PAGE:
Projections and Paces – Astros

Leave a comment

The article below is meant to provide a quick look at how my
preseason projections match up with the paces of select major league
hitters.

Lance Berkman
2008: .312/.420/.567, 29 HR, 114 R, 106 RBI, 18 SB in 554 AB
Proj : .291/.405/.537, 31 HR, 105 R, 103 RBI, 9 SB in 546 AB
Pace: .256/.387/.507, 35 HR, 85 R, 98 RBI, 5 SB in 550 AB

Berkman is getting a lot closer now. He’s raised his average from .162
in April to .286 last month and .357 in 13 games so far during June.

Carlos Lee
2008: .314/.368/.569, 28 HR, 61 R, 100 RBI, 4 SB in 436 AB
Proj : .293/.352/.519, 32 HR, 86 R, 118 RBI, 8 SB in 588 AB
Pace: .313/.363/.520, 29 HR, 77 R, 106 RBI, 5 SB in 603 AB

In theory, the improvement from Hunter Pence, Miguel Tejada and
Michael Bourn should be resulting in better run and RBI numbers for
Berkman and Lee. But that’s hardly been the case. Lee’s hitting pretty
much as expected, yet he has just 69 runs plus RBI. Ryan Howard, with
the same OPS, has 92. Dan Uggla has 71 even though he’s been hitting
.218 from the fifth and sixth spots in the Florida lineup.

Hunter Pence
2008: .269/.318/.466, 25 HR, 78 R, 83 RBI, 11 SB in 595 AB
Proj : .280/.337/.493, 28 HR, 79 R, 100 RBI, 14 SB in 592 AB
Pace: .323/.406/.509, 21 HR, 96 R, 69 RBI, 21 SB in 584 AB

Pence’s power numbers are a bit off, but he’s more than made up for
it with a huge increase in his OBP. He currently has a 35/33 K/BB ratio
after finishing last year at 124/40.

Miguel Tejada
2008: .283/.314/.415, 13 HR, 92 R, 66 RBI, 7 SB in 632 AB
Proj : .288/.343/.427, 16 HR, 91 R, 83 RBI, 5 SB in 611 AB
Pace: .344/.366/.506, 16 HR, 96 R, 96 RBI, 5 SB in 672 AB

Tejada is worthy of his own post. He’s struck out or walked in just
21 of his plate appearances. In 2000, Tejada has 102 strikeouts and 66
walks in 607 at-bats. Right now, he’s on pace for 40 strikeouts and 16
walks in 672 at-bats.

Ivan Rodriguez
2008: .276/.319/.394, 7 HR, 44 R, 35 RBI, 10 SB in 398 AB
Proj : .278/.319/.406, 10 HR, 51 R, 57 RBI, 5 SB in 453 AB
Pace: .247/.280/.393, 13 HR, 50 R, 69 RBI, 0 SB in 473 AB

Pudge’s average has really tumbled of late, and he has just one
extra-base hit since May 17. Time will tell if he has another rally in
him. His OPS was 845 on this day a month ago.

Michael Bourn
2008: .229/.288/.300, 5 HR, 57 R, 29 RBI, 41 SB in 467 AB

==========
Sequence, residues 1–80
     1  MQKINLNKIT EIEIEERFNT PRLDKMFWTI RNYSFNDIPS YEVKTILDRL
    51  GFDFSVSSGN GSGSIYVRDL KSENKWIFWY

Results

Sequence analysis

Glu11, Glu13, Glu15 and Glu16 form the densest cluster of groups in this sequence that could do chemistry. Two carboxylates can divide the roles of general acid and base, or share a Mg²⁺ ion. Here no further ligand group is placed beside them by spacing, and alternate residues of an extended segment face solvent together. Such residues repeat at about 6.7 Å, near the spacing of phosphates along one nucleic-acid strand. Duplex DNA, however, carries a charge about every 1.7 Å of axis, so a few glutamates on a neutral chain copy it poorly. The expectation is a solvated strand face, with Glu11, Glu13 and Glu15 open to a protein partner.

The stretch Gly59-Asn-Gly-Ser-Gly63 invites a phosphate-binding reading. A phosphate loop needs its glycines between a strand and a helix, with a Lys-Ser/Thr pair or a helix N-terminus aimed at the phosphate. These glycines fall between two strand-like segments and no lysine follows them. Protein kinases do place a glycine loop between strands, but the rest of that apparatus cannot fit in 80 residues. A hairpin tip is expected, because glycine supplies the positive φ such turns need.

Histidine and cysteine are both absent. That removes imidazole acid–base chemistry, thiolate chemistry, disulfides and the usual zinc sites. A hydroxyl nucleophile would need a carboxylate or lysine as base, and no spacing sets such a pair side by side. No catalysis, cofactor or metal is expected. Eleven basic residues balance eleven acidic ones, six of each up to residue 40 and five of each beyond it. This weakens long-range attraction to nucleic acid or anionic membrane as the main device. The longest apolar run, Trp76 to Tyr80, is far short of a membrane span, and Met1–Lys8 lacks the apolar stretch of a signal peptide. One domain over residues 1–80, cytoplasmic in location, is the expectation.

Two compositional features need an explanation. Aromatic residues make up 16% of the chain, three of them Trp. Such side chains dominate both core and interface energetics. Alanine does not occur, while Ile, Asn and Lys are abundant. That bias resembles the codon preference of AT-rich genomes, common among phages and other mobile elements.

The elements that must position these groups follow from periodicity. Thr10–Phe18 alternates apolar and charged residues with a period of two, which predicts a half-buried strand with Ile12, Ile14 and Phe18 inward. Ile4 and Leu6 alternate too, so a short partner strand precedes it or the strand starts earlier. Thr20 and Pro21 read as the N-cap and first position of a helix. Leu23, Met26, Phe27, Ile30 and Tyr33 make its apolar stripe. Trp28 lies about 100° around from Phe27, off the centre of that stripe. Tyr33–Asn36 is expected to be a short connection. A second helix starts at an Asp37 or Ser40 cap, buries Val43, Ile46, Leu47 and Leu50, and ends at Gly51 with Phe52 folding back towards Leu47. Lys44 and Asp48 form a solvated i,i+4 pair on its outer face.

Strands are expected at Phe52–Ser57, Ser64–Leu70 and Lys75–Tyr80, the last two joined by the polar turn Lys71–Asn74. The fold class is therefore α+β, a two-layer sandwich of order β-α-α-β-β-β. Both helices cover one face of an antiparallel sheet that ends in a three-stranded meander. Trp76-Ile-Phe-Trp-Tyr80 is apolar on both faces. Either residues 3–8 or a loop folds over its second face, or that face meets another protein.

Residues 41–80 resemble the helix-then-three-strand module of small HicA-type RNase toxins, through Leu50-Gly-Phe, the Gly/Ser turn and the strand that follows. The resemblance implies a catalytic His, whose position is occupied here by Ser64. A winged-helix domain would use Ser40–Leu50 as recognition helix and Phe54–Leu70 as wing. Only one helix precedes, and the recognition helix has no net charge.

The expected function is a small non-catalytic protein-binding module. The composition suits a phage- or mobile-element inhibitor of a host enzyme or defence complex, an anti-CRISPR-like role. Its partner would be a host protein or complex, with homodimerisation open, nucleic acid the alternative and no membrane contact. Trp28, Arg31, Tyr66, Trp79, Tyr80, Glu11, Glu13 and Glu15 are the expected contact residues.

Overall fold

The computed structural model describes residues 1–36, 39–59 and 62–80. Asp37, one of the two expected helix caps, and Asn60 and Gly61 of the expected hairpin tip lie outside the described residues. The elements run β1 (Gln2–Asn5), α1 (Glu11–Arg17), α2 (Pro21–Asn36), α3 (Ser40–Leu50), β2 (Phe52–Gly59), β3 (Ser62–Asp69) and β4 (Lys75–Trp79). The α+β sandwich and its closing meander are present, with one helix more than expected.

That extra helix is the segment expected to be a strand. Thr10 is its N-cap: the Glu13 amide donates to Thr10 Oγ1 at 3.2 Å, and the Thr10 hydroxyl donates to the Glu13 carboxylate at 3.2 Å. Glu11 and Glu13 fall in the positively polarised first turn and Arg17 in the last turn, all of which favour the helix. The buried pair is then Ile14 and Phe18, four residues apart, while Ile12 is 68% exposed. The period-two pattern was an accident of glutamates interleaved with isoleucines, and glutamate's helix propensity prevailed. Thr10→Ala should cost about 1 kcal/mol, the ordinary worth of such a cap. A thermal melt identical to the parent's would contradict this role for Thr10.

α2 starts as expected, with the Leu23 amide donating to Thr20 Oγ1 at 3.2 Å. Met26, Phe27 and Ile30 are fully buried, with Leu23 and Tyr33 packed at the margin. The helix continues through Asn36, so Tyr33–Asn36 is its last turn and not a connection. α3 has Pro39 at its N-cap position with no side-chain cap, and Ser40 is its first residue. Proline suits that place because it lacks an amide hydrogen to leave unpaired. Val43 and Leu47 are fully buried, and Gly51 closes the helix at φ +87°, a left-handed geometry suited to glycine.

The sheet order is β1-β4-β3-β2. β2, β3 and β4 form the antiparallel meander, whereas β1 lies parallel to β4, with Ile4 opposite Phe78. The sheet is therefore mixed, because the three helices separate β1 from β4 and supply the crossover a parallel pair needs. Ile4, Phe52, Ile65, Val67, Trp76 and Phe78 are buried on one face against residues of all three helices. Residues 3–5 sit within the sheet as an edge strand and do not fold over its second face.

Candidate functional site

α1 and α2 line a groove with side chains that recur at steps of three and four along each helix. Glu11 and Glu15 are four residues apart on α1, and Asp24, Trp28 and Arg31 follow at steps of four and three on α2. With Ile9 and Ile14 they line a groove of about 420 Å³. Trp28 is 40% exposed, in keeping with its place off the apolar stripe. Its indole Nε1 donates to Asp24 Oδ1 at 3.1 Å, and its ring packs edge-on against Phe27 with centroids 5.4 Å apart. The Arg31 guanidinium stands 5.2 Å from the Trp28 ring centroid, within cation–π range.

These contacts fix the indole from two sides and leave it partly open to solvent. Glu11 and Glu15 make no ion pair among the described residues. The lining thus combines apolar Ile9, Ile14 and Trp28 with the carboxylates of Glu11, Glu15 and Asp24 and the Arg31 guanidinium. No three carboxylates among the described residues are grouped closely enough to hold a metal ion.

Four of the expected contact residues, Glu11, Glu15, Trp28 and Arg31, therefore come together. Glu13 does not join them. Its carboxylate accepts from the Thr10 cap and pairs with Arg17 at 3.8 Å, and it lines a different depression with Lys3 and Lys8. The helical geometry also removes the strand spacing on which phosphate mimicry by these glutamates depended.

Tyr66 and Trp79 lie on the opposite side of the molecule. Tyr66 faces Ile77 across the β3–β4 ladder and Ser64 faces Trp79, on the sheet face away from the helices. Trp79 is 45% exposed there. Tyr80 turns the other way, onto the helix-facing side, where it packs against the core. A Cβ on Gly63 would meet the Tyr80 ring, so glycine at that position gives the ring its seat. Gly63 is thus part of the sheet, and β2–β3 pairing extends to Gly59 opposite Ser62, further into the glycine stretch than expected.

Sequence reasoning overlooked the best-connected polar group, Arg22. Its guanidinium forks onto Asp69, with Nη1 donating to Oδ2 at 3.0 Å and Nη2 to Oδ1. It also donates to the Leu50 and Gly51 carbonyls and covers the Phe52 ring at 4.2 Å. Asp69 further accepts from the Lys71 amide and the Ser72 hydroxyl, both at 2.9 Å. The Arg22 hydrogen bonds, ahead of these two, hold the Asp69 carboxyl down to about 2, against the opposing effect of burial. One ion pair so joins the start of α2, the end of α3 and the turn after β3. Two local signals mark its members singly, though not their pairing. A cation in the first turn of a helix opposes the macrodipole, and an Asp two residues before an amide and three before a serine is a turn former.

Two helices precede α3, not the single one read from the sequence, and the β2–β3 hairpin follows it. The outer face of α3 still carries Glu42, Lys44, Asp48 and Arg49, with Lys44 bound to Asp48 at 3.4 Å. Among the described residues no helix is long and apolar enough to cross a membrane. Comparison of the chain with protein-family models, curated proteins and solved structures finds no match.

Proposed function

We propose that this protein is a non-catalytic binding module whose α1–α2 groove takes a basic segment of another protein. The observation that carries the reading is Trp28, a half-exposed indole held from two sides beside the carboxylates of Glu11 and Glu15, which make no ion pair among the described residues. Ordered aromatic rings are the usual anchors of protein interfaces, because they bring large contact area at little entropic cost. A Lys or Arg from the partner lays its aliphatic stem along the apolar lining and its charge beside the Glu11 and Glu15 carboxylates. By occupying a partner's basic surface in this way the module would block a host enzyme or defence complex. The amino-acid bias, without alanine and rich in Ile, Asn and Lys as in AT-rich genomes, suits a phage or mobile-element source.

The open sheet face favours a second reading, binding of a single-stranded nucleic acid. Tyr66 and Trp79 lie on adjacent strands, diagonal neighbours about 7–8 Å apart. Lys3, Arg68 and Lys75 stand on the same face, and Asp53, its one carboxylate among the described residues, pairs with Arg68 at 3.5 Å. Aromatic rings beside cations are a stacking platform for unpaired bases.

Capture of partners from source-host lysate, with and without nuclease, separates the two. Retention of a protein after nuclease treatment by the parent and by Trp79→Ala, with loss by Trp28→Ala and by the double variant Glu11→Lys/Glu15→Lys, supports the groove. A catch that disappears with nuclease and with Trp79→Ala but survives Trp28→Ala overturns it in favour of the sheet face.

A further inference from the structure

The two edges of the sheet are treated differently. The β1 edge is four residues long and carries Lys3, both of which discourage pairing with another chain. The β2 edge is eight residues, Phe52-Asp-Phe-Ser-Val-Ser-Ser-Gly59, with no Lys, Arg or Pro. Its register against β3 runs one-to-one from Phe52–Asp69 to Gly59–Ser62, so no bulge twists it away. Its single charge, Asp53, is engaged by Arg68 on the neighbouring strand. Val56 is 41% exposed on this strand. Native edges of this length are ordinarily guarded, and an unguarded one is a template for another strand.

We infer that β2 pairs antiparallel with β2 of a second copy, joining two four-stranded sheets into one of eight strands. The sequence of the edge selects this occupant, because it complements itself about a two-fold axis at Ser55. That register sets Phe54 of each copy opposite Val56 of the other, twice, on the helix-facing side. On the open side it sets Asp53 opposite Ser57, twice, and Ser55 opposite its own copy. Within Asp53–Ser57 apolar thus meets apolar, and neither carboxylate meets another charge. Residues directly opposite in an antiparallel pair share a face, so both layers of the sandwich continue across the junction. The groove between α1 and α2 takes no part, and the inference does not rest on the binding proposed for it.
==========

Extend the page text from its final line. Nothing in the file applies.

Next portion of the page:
Proj : .256/.325/.354, 5 HR, 68 R, 42 RBI, 43 SB in 503 AB
Pace: .290/.367/.394, 3 HR, 98 R, 37 RBI, 58 SB in 613 AB

Bourn is also on pace for 135 strikeouts, so I’m not at all
convinced that he’ll maintain that .290 average. Still, that he’s
showing a better walk rate, at least against righties, and more doubles
power provide hope that he’ll last as a leadoff man.

Alex Dickerson to miss 2017 season after undergoing back surgery

Getty Images
1 Comment

Padres’ outfielder Alex Dickerson won’t see PETCO Park anytime soon — at least, not as its starting left fielder. The 27-year-old was diagnosed with a bulging disc in his lower back prior to the start of the 2017 season, and hasn’t made any kind of substantial progress in the months since. According to Dennis Lin of the San Diego Union-Tribune, he suffered a setback in his recovery process last week and is set to undergo a season-ending discectomy next Wednesday.

Over 285 plate appearances, Dickerson batted .257/.333/.455 with 10 home runs and a .788 OPS for the Padres in 2016. He missed several days with a right hip contusion last July, but hasn’t experienced any substantial health problems since undergoing surgery in 2014 to repair a torn ligament in his left ankle.

The expected recovery period for lower back surgery is 3-4 months, according to Lin, which puts Dickerson’s estimated return just a few days before the end of the regular season. The Padres aren’t scraping the bottom of the NL West, but their 29-44 record doesn’t bode well for a postseason run this year. Assuming Dickerson rehabs his back in a timely manner, he should be in fine form to enter the competition for left field next spring.

Video: Hanley Ramirez’s No. 250 career home run barely left the field

Getty Images
1 Comment

Hanley Ramirez played a pivotal role during the Red Sox’ 9-4 win over the Angels on Friday night, crushing a two-run homer off of Alex Meyer to bring the Sox up to a four-run lead in the fourth inning.

Well, crushed might be the wrong word. The ball cleared the right field fence with a mere 350 feet, landing just beyond Pesky’s Pole to bring Ramirez’s career home run total to an even 250.

According to the ESPN Home Run Tracker, Ramirez’s milestone blast wasn’t the shortest home run of the year — not by a long shot. That distinction currently belongs to Rays’ outfielder Corey Dickerson, who skimmed the left field fence at Rogers Centre with a 326-foot homer back in April.